As regulators continue to investigate industrywide restructuring as an answer to regional electric rate disparities and calls from large consumers for price reductions, the trend of dealing with the problem through rate discounting also remains strong. Regulators have taken steps to ensure that shareholders bear at least some of the risk for revenue shortfalls that might result under the new contracts. In addition, utilities have been careful to avoid asking for current rate increases for services provided to smaller customers.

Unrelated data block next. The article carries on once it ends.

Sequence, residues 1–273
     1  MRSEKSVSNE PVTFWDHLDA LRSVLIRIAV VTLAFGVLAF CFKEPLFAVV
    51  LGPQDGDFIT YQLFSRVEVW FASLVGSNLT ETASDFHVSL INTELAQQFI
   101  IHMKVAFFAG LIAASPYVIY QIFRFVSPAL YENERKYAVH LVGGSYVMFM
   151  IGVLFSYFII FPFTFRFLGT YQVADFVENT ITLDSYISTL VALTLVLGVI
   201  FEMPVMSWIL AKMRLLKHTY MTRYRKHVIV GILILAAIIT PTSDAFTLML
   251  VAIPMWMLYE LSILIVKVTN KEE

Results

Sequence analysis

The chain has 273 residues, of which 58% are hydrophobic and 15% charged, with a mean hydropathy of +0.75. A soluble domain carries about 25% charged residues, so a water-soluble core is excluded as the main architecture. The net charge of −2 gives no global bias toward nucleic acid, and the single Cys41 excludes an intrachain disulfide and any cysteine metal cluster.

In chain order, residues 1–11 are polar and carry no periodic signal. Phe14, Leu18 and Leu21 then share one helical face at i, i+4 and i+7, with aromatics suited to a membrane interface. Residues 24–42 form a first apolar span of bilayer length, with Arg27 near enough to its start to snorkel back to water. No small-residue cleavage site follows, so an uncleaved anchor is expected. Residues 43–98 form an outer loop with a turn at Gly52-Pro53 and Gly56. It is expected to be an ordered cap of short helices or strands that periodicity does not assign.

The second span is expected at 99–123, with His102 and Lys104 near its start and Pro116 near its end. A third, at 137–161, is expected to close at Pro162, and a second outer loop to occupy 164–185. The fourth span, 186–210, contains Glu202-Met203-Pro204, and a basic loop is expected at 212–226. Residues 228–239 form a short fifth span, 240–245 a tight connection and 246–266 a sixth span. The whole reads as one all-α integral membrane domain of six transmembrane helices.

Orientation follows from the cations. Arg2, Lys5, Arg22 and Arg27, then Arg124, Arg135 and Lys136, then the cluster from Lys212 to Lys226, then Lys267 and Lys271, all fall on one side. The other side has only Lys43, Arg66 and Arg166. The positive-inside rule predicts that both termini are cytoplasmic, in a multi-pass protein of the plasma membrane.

The California Public Utilities Commission (CPUC) has approved a set of "preapproved generic discount" contract rate options for large industrial and commercial electric users served by Pacific Gas & Electric Co. (PG&E). It rejected allegations by ratepayer groups and representatives of independent power producers in the state that the discount programs would impede the effective restructuring of the state's electric industry. The CPUC emphasized that the programs are consistent with current market conditions, including the economics of cogeneration. It added that as with the overall goals of its industry reform efforts, the utility's shareholders assume the risk for any future costs of uneconomic assets "should there be a restructuring of the California electric industry." Commissioner Jessie J. Knight, Jr. dissented, however, claiming that the new discount rules allow PG&E to advantage itself in the future restructured electric services industry by offering current discounts funded in large part by ratepayer dollars. Knight noted that the terms of the proposed discount contracts apply "well into the restructured era." He also said that the decision contains a bias against direct access in favor of "virtual direct access" that would occur through implementation of a power pool.